High finance has set up shop in Oklahoma City, where big-deal makers are long used to looking long-distance to Wall Street and other financial centers for real estate investment capital.
CBRE Group Inc. has brought its CB Richard Ellis Capital Markets Debt & Equity Finance Group to town, opening an office downtown to provide financial services for private and institutional investors in office, industrial, retail and multifamily properties.
Chris Dunning, formerly with MidFirst Bank in Oklahoma City, and Thomas (T.K.) Klein, formerly with Johnson Capital's office in La Jolla, Calif., comanage the new office as senior vice presidents of the Debt & Equity Finance Group.
CB Richard Ellis Capital Markets “is the most extensive network of real estate financing sources in the country,” Dunning said, from Wall Street to life insurance companies, Fannie Mae, Freddie Mac to the U.S. Department of Housing and Urban Development.
“Every major city in the U.S. has an office,” he said. “Oklahoma City is now on the map in their eyes with the launch of the Oklahoma City office. This should prove to be a significant boost to local developers and owners.”
Dunning focused on commercial real estate financing for MidFirst. Klein most recently specialized in debt and equity placement for Johnson Capital. Previously, he cofounded a community bank in Colorado and was a director of it for 10 years, and was president and CEO of a Colorado-based home mortgage banking firm.
“The addition of T.K. and Chris to CBRE Capital Markets allows us to enhance our value proposition and grow our client base in the Oklahoma market,” said Brian Stoffers, president of Debt & Equity Finance.
“Their local market knowledge, valuable experience in the banking world and strong industry relationships will bolster our service offering in that region.”
CBRE Debt & Equity Finance quietly opened in November, in temporary offices on the 24th floor of City Place, 204 N Robinson Ave. Dunning said the immediate task is networking and “telling the story” that capital is not only accessible in Oklahoma City from afar — but from its central business district.
“A lot of people in Oklahoma City aren't that familiar with the capital markets side of the business. It's a big-city thing,” Dunning said.
Big names in finance come up here only with the largest and most complex transactions and those involving institutional investors with portfolios consistently large enough to involve high finance as a matter of course.
Big names such as Jones Lang LaSalle in Chicago, Goldman Sachs and Cushman & Wakefield in New York, Credit Suisse, based in Zurich, and others finance big investments here are relatively rarely. However, with the city muscling its way through the recession and poised to enjoy the first fruits of economy recovery, those “big city” players could become more common.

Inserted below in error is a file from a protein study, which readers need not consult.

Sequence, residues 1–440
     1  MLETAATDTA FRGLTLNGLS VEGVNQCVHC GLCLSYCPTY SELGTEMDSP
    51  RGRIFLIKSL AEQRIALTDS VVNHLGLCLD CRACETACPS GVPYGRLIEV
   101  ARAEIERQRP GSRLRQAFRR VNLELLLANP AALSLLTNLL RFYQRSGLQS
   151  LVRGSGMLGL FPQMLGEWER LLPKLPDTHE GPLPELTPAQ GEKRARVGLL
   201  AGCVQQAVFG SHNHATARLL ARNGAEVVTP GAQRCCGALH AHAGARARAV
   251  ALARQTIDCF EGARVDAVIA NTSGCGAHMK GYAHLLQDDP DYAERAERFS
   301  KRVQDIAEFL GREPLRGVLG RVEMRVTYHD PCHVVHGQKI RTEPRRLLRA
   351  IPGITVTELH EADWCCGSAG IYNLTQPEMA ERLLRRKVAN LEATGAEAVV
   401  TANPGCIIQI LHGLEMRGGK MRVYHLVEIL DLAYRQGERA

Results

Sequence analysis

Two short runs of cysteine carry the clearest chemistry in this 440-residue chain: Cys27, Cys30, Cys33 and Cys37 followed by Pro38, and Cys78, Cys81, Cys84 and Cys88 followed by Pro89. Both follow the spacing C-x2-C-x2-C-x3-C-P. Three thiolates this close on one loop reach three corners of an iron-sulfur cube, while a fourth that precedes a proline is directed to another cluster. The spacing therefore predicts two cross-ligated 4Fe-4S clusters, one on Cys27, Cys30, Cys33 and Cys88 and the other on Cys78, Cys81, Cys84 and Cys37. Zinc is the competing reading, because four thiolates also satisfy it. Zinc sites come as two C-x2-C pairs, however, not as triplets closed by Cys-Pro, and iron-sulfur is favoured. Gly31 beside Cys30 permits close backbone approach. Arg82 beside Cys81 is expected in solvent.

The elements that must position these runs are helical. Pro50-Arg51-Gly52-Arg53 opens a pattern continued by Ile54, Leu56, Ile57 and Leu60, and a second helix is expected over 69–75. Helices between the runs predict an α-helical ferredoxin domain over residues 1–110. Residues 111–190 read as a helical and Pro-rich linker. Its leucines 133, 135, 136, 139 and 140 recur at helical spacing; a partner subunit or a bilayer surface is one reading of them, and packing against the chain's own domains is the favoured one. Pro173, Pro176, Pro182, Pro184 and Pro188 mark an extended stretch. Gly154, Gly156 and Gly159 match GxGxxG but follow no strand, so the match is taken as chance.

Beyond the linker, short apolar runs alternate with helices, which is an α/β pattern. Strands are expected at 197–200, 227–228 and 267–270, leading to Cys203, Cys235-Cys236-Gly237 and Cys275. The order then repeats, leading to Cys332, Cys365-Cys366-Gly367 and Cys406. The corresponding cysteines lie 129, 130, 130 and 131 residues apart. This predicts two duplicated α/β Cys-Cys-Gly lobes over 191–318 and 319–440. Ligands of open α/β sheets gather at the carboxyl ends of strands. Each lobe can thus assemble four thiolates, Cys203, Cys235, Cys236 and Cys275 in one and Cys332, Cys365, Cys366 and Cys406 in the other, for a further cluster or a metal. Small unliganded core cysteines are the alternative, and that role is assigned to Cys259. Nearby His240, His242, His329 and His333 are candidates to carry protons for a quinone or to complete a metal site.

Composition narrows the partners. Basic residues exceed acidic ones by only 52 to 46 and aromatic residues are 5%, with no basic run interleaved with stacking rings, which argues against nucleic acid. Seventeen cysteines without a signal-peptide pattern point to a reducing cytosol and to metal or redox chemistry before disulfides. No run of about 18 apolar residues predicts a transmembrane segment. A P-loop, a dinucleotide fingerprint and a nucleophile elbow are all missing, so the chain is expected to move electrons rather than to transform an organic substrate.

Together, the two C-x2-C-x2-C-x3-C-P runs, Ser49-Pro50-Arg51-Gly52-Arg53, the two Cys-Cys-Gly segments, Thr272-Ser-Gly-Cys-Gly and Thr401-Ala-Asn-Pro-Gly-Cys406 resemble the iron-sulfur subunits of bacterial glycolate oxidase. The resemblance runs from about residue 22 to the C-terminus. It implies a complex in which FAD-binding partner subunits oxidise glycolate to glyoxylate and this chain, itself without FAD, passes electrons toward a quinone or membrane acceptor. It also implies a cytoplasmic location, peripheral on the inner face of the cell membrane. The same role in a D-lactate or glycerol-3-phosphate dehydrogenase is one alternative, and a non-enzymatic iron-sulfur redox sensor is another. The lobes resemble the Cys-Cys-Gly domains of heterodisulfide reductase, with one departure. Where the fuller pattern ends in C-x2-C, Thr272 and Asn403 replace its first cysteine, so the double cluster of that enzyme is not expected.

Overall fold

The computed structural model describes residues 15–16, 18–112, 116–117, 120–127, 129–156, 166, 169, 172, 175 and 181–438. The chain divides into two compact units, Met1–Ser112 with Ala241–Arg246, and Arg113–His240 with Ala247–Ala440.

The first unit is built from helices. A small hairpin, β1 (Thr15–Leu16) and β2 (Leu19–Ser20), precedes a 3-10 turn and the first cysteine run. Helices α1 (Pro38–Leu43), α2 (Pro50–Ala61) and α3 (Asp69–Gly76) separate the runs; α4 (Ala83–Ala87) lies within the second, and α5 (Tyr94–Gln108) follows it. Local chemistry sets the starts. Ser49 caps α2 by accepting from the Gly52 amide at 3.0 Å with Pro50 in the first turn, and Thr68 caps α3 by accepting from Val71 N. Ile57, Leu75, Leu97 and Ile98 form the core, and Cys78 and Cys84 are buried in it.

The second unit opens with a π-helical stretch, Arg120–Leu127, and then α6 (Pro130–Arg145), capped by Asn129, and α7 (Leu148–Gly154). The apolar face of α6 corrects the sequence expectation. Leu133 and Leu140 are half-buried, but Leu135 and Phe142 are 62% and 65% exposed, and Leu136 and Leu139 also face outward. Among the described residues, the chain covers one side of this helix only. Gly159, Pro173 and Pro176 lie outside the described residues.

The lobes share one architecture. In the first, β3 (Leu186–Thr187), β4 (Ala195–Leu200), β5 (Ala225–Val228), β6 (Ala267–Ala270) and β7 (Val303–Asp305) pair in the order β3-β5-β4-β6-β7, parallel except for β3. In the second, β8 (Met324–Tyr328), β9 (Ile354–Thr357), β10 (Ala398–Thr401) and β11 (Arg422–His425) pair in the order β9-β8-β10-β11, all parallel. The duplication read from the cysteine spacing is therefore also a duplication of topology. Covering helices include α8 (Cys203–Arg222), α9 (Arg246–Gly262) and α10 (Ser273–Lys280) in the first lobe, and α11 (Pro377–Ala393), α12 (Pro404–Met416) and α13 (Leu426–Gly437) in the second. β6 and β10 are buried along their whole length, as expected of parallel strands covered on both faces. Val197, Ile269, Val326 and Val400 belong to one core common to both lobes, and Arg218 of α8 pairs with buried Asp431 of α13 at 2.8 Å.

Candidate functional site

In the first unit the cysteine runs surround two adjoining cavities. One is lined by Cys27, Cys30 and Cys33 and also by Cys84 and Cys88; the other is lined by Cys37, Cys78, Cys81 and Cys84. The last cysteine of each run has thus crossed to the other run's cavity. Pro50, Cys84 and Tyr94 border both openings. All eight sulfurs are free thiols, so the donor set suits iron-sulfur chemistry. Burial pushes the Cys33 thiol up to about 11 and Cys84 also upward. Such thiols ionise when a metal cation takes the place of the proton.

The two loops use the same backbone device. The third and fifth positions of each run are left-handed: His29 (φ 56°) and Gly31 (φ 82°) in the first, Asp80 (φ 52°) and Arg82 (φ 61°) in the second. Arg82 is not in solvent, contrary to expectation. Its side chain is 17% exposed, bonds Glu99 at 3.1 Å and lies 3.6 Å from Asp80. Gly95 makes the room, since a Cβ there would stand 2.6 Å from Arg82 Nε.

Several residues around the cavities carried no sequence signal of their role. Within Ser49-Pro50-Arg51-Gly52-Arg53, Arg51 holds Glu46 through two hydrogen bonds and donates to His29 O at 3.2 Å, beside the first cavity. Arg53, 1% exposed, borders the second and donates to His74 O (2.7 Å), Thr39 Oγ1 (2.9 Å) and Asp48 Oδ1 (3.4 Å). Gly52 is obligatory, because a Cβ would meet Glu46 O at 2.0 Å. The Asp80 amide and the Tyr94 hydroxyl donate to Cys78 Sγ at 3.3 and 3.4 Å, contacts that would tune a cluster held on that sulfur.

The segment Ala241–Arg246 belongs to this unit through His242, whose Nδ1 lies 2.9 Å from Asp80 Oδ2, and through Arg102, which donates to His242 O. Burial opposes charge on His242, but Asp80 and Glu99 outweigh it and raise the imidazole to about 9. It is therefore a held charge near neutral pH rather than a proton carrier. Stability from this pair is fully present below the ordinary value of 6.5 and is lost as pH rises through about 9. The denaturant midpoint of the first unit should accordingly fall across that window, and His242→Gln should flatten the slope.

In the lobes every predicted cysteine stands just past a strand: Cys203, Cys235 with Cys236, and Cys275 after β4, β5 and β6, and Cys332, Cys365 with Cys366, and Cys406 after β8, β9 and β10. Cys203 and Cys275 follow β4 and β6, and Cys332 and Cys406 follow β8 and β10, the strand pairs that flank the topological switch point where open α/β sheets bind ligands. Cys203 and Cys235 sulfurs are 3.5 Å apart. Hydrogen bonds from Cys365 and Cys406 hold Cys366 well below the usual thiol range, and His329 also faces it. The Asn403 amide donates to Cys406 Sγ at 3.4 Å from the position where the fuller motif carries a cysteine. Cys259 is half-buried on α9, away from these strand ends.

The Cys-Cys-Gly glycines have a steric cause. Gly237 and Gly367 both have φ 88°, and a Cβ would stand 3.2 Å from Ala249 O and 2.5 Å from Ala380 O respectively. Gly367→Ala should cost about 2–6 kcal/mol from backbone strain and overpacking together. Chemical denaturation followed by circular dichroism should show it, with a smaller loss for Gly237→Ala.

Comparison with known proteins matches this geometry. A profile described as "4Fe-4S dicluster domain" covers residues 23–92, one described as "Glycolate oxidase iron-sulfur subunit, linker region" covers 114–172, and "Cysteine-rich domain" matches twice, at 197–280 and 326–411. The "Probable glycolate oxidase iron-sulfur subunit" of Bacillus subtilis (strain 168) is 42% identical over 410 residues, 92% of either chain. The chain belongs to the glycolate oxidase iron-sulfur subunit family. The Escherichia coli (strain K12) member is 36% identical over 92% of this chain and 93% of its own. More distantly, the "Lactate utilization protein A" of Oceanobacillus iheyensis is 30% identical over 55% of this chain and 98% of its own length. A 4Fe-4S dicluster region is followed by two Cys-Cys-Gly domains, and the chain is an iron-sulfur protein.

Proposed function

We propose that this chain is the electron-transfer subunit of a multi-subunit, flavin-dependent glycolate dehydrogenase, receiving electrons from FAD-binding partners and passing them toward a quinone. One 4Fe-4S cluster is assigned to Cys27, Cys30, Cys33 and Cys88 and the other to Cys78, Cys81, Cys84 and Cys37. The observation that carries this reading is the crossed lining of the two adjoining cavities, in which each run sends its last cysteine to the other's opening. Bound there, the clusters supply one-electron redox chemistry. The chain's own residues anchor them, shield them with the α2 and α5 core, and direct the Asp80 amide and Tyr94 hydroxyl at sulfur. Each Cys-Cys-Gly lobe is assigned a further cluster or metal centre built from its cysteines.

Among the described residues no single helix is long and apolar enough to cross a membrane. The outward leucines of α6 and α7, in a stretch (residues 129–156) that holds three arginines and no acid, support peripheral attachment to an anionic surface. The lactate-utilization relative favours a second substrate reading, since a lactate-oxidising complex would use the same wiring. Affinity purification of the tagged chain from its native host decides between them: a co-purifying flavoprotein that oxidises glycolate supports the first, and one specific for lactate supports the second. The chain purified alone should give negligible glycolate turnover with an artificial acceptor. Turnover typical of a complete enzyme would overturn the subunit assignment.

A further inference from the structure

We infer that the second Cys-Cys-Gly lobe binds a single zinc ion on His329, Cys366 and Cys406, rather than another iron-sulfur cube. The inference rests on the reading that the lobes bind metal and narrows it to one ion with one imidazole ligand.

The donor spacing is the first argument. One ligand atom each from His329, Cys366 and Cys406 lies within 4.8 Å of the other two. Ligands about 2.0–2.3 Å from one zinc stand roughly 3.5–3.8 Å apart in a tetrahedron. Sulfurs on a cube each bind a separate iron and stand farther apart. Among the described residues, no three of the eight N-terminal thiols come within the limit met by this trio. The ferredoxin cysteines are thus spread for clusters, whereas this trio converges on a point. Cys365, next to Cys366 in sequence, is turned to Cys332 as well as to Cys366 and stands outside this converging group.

CBRE Capital Markets can be seen as opening the way to Oklahoma City for other national and global specialists in debt placement and equity finance for commercial property.
The move directly by CB Richard Ellis' corporate office — this is not an expansion of CB Richard Ellis-Oklahoma, a franchise — extends financial centers on both coasts to Oklahoma.
CB Richard Ellis is based in Los Angeles, and CBRE Capital Markets is based in New York City.
“There is always going to be a bias toward the coastal cities,” longtime Oklahoma City realty executive Ford Price said, but opening a corporate office with specialists concentrating on the city “shows how Oklahoma City has moved up the food chain in terms of how it is perceived by out-of-state investors, and especially institutional investors.”
“Oklahoma City is starting to get rated up there in a way it never has been before,” said Price, managing partner of Price Edwards & Co.
It bodes well for Oklahoma City's fortunes and perception among investors, financiers and other national movers and shakers in commercial real estate investment.
CB Richard Ellis Debt & Equity Finance provides permanent financing, bridge loans, construction financing, joint venture equity, loan servicing, mezzanine debt, structured equity and tenant-in-common financing.
“People are hunting for yields, and there is still so much real estate capital out there looking for a home” that Oklahoma City is more attractive than ever, Price said.